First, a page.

Move over Woolworth Building. Another iconic Lower Manhattan skyscraper is slated for a residential conversion, this time by Deborah Berke Partners and architects of record Steven B. Jacobs Group. The 66-story art deco landmark at 70 Pine Street was built in 1932 as the Cities Service Company, and more recently served as the headquarters of American International Group (AIG), and now developer Rose Associates plans to transform the tower into 700 luxury apartments above a 300-room hotel.
If you read this column, you know Eaves loves a party. You also know we self-deprecatingly speak of mediocre Midwestern cities (we’re from Louisville). Even with summer winding down, there’s no need to stick out that lower lip. A slew of—well, ok, three–high profile openings will tickle even the slightest art and architecture enthusiast as Cleveland, East Lansing, and Cincinnati compete for the title of Bilbao of the Midwest. First up, the Museum of Contemporary Art Cleveland, designed by Farshid Moussavi Architecture, opens on October 6. Will the Mistake-on-the-Lake become the Rust Belt Riviera? On MOCA’s heels comes the Eli and Edythe Broad Museum on November 9. OK, we don’t know anything about East Lansing other than a school’s there, but—hey!—now they have a Zaha Hadid.
And finally, Cincinnati, home to America’s first Hadid, will welcome 21c Museum Hotel by Deborah Berke & Partners. Their website says it will open late 2012. Which project will be an urban game-changer? We could be swayed by opening night invites, but right now my money’s on Cincy.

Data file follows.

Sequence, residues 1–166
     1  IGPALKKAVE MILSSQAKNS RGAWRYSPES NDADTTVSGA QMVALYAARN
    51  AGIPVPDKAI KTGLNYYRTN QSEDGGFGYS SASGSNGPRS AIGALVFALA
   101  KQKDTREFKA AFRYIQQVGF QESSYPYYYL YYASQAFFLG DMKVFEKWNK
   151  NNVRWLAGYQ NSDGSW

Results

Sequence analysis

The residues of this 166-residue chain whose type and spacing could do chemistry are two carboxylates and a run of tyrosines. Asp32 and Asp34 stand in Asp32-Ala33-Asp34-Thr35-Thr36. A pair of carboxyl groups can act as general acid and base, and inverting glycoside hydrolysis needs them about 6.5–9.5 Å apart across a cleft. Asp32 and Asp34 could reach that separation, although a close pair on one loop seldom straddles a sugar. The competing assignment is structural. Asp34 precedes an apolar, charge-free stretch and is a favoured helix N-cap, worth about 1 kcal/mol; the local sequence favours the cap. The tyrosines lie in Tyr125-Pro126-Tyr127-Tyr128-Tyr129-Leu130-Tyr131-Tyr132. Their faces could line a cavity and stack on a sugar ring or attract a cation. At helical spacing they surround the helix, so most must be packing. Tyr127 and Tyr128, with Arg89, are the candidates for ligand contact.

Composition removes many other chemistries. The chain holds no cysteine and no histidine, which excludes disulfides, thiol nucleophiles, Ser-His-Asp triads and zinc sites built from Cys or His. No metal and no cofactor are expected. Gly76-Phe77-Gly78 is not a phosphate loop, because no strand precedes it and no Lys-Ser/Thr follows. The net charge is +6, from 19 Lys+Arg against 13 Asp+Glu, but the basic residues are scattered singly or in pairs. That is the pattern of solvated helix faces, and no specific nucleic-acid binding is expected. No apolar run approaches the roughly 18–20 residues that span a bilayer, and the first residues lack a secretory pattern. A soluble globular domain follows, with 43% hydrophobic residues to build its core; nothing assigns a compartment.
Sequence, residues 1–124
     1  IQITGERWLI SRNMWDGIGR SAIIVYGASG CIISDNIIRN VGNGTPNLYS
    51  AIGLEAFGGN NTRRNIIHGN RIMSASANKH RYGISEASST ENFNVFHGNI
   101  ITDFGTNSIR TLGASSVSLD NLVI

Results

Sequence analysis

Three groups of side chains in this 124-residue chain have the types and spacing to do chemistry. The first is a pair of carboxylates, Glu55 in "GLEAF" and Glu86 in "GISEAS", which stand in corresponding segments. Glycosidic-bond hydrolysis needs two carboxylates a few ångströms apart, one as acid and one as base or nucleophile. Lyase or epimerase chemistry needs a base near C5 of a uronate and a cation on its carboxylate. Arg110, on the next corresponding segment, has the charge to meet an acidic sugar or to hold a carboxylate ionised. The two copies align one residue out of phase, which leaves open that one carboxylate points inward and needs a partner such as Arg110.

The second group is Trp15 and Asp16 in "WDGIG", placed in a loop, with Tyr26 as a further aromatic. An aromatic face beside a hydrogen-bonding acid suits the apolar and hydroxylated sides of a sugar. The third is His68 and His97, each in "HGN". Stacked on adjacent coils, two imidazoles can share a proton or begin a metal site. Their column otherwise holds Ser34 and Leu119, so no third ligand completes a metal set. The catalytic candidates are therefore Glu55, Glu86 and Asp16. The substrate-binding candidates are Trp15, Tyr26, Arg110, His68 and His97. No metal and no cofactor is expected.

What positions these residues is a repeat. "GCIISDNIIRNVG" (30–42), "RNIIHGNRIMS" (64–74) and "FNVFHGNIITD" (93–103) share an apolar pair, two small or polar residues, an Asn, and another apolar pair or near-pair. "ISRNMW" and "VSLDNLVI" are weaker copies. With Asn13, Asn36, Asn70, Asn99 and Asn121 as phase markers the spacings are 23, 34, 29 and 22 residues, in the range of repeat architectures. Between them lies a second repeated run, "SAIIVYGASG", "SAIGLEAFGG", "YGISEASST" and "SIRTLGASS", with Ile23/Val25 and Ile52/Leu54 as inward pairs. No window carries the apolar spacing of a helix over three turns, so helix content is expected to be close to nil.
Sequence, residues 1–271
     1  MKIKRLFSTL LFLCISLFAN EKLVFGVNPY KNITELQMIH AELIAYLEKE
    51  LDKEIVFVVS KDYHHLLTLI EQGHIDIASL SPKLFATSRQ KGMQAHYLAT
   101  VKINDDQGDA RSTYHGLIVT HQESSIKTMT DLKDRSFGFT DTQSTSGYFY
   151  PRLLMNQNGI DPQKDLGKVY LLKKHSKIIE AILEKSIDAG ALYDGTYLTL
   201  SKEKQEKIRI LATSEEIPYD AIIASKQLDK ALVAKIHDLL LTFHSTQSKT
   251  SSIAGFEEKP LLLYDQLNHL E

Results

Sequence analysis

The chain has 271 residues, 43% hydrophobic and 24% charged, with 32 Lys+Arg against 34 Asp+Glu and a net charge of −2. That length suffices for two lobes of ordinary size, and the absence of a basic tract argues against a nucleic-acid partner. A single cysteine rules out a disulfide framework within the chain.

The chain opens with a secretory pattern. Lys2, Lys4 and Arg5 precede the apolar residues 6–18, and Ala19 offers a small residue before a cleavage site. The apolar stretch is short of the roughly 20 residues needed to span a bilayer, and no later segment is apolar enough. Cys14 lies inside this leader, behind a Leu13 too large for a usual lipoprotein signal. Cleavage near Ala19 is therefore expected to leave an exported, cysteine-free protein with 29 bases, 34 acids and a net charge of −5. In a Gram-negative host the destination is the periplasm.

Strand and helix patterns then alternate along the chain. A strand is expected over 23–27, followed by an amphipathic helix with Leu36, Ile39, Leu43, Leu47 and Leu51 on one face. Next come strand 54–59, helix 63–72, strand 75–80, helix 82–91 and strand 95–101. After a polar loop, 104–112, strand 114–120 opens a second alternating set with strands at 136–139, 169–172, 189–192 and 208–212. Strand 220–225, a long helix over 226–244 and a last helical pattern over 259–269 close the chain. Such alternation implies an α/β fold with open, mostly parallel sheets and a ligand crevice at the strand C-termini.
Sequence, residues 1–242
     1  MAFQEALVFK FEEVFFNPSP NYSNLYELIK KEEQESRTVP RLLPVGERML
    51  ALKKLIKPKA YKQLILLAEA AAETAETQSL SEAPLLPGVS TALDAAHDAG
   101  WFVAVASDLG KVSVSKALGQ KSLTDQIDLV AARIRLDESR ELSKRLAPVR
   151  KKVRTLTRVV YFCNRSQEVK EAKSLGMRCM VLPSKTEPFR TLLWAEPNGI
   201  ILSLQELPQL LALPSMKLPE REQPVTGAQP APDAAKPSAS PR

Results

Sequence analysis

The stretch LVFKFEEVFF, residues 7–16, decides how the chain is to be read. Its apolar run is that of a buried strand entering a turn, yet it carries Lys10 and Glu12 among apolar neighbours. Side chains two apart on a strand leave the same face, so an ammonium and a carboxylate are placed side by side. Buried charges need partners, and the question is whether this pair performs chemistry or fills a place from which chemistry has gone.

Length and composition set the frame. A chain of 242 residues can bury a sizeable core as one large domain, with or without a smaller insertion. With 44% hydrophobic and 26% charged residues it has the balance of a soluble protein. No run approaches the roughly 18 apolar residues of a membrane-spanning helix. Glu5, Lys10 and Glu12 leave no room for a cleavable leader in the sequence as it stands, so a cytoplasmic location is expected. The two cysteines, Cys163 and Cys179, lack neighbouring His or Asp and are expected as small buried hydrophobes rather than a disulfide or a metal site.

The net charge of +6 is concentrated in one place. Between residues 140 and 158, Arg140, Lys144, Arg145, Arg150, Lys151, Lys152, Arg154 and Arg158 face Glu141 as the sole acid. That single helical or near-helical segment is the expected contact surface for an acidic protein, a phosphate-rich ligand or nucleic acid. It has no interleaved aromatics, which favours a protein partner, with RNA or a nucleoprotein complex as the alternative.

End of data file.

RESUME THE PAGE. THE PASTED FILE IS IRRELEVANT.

With investment in American cities on the rise, mixed-use development is all the buzz, but architect Deborah Berke says we must be careful not to leave industry out of the mix. “We need to sway mixed-use back to the direction of a real mix. We’ve gone to all residential,” she said. Berke and critic Noah Biklen just finished teaching an architectural studio at Yale on boutique urban manufacturing, where students explored bringing a bourbon distillery to downtown Louisville, Kentucky.
American manufacturing may be on the rocks, but Deborah Berke, principal at Deborah Berke & Partners, believes that by adding a little bourbon, one Kentucky city can make an industrial comeback. Berke is leading a graduate studio at Yale exploring the future of boutique manufacturing in the United States and using an urban distillery in Louisville as a case study.
Witold Rybczynski, smart writer, stupid article.
Last Thursday, Slate‘s respected architecture critic weighed in with the dubious notion that the shorter in height, the greater the architect. This silly notion has gone viral on the web, and we felt it was our job to rebut it with some tall figures. Here they are.